After stating her case, Carson moves to her second step of creating the structure of a classical argument by making a proposition on the argument. This is akin to the presentation of her central thesis in the argument. In this step of her structure, Carson uses data to outline the threats of pesticides such as cancer which results from food contamination and genetic mutations that are chemically caused. In this part, Carson makes good use of the second pillar of argument which is pathos. Pathos denotes the qualitative nature of an argument that makes its persuasive nature appealing to emotions of the readership in order for them to side with the author. Carson makes use of quantitative data, where she offers some statistical evidence in her work to show the damage caused by pesticides. For example, in chapter two of her book Silent Spring, she identifies the source of diseases described in chapter one. For instance, she says that the recent design of potent synthetic poison proliferates was at the rate of around 500 in one year. The outcomes of the spread of these chemicals everywhere in large quantities were short term as well as long term disastrous damages to human and wildlife (Carson 7). The portrayal of the potent dangers in pesticides by show of deaths caused serves the purpose of eliciting the necessary emotions and feelings to support the arguments against the pesticides, because the readers are made to identify with the potential dangers. Carson’s use of imagery and poetic language serves well the purpose of pathos in eliciting the right feelings and sentiments in relation to the points she tries to argue for. This may be exemplified by this quote from the ‘Silent Spring: “As crude a weapon as the cave man's club, the chemical barrage has been hurled against the fabric of life…destructible, on the other miraculously tough and resilient, and capable of striking back in unexpected ways (Carson 297).” The earlier stated arguments followed by propositions of extensive harms presented in such a language full of imagery enriches the readers imagination in figuring out the position of the argument and the weight of the points being presented by the author. Still within the application of the pathos pillar of argument, Carson presents the causes and toll of dangers posed by pesticides. Her presentation portrays a grim picture of death and still life which indeed makes most readers to agree and identify with the course of her argument.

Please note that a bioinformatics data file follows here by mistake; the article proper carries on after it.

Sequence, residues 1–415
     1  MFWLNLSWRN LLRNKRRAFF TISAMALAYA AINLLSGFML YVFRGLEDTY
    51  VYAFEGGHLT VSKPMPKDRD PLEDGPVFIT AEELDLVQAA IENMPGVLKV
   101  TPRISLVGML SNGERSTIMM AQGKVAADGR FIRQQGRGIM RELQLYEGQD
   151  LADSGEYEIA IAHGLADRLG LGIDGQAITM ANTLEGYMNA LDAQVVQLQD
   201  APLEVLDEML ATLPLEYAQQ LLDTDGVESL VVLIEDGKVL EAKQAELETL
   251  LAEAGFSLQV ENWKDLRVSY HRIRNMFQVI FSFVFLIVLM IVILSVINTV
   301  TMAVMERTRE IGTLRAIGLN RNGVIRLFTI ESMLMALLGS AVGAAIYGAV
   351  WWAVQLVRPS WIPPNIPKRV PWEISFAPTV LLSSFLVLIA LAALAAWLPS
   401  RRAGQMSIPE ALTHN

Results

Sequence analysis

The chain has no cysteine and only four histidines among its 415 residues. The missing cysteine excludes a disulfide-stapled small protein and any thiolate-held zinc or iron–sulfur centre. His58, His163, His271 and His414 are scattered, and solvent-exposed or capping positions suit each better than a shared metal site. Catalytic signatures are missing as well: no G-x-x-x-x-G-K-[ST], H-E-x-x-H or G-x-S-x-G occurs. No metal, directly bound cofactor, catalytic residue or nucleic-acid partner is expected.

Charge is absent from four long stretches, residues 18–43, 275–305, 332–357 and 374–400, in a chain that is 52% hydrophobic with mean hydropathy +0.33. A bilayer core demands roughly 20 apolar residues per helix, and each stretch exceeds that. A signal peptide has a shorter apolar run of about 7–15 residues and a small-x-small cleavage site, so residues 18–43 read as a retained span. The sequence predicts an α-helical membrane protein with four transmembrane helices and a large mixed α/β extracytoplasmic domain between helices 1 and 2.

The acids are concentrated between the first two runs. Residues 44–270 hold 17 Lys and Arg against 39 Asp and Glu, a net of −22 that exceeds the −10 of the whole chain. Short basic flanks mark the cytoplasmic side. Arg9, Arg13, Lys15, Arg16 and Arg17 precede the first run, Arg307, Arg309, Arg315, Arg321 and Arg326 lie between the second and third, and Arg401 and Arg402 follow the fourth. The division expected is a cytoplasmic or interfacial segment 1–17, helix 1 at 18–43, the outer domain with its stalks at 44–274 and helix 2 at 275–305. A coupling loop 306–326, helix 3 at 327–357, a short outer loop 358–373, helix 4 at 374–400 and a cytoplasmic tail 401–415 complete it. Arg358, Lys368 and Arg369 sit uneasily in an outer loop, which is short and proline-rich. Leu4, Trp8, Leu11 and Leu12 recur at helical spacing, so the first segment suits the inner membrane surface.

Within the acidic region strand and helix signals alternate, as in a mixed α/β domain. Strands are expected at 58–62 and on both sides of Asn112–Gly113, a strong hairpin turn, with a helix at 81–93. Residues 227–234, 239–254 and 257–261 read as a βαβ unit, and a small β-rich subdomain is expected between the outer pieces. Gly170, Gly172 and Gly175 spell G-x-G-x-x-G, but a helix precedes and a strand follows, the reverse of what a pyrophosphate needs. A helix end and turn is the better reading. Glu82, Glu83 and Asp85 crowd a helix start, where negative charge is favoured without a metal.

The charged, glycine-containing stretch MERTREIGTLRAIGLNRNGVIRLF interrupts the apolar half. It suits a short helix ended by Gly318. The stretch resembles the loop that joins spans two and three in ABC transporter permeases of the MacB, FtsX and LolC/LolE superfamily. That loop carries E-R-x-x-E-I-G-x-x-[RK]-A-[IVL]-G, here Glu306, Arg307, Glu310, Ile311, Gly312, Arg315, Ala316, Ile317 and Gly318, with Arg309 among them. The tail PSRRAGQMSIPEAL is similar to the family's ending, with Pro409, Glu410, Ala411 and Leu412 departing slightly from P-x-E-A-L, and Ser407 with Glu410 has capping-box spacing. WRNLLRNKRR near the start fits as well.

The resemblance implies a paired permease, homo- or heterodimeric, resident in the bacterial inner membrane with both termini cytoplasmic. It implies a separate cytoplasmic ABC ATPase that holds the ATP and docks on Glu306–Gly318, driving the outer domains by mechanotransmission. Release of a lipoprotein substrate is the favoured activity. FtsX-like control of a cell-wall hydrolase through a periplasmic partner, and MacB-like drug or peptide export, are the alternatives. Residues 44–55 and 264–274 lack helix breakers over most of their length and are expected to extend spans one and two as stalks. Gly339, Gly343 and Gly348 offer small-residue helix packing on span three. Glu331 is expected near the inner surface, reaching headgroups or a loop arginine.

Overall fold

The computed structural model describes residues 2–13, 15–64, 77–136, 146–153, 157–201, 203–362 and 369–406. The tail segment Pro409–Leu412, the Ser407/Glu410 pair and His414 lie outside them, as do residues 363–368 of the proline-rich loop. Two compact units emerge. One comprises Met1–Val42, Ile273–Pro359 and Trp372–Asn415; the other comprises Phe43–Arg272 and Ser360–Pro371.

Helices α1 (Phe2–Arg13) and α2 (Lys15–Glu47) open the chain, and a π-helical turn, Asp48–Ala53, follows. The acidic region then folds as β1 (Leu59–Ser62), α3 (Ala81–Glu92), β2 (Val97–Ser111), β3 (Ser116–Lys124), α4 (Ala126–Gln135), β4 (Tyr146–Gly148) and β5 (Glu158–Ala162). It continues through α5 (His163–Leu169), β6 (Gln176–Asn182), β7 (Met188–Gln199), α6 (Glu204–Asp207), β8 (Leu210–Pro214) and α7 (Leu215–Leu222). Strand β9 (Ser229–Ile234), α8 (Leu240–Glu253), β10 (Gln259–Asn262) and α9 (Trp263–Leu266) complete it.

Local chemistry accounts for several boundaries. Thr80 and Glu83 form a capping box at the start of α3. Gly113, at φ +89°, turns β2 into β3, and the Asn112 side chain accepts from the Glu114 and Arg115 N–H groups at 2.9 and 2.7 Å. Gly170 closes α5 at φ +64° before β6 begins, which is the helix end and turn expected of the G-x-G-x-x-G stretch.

In her structural building of the argument, Carson furthers the argument by introducing substantiations and proof meant to overcome any possible refutations in order to strengthen her argument. In this section, the pillar of ethos in arguments’ structures becomes evident as she uses her professional standing and that of other scientists and professionals that she interviews to back her points of the arguments presented.  The professional nature of evidence that she offers and substantiates by stating the professional sources strengthens her arguments and makes her stand out as an author presenting objective and concrete points based on facts, rather than mere speculation or hearsay. Carson also uses the appeal to character (ethos) to expose to the public the hazards of chemical pesticide use. Her background as a marine biologist lends greater credibility to the statements that she makes on the issues she presents. She tries to draw people’s attention to the environmental issues which had never been addressed before. She tries to influence people to give a second thought to environmental issues and not just concentrate on the industry. Industrial revolution depends on the natural environment to prosper, hence there is no way industrialization can work on its own. Carson also incorporated poetic evocation and meticulous research in her work to prove her point. An example is her work on brochures of fish and wildlife service and how they are vulnerable to chemical pollutions like pesticides. She took time to describe how pesticides like DDT entered the food chain and concentrated in the fatty tissues of people and animals causing genetic damage and cancers. She says that a single application remain toxic to the environment even after being diluted by rain water (Carson 12).